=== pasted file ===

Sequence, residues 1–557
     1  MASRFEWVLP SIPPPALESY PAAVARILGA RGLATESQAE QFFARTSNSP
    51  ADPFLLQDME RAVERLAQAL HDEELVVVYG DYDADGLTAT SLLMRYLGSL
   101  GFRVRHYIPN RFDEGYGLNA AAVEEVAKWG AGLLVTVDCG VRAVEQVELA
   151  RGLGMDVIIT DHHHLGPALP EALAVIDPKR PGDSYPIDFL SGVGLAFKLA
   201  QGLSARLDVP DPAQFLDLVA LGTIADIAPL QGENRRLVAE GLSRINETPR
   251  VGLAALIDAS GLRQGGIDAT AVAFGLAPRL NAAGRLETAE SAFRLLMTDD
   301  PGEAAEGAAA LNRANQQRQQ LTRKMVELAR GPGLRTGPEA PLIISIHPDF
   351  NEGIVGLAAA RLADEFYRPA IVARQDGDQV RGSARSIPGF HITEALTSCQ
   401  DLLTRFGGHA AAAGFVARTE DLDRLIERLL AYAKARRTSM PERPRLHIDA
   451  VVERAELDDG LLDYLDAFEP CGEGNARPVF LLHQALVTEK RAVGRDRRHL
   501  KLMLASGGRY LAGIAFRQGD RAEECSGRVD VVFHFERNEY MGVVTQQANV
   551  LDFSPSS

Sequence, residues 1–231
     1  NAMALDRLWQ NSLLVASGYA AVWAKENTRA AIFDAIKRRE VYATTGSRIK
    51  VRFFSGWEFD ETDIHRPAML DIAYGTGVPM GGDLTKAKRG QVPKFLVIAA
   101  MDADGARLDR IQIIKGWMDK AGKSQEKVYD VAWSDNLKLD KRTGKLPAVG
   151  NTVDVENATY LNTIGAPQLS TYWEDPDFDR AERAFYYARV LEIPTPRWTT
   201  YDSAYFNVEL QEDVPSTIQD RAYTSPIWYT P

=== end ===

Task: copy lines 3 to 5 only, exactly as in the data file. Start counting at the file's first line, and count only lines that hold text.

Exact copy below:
    51  ADPFLLQDME RAVERLAQAL HDEELVVVYG DYDADGLTAT SLLMRYLGSL
   101  GFRVRHYIPN RFDEGYGLNA AAVEEVAKWG AGLLVTVDCG VRAVEQVELA
   151  RGLGMDVIIT DHHHLGPALP EALAVIDPKR PGDSYPIDFL SGVGLAFKLA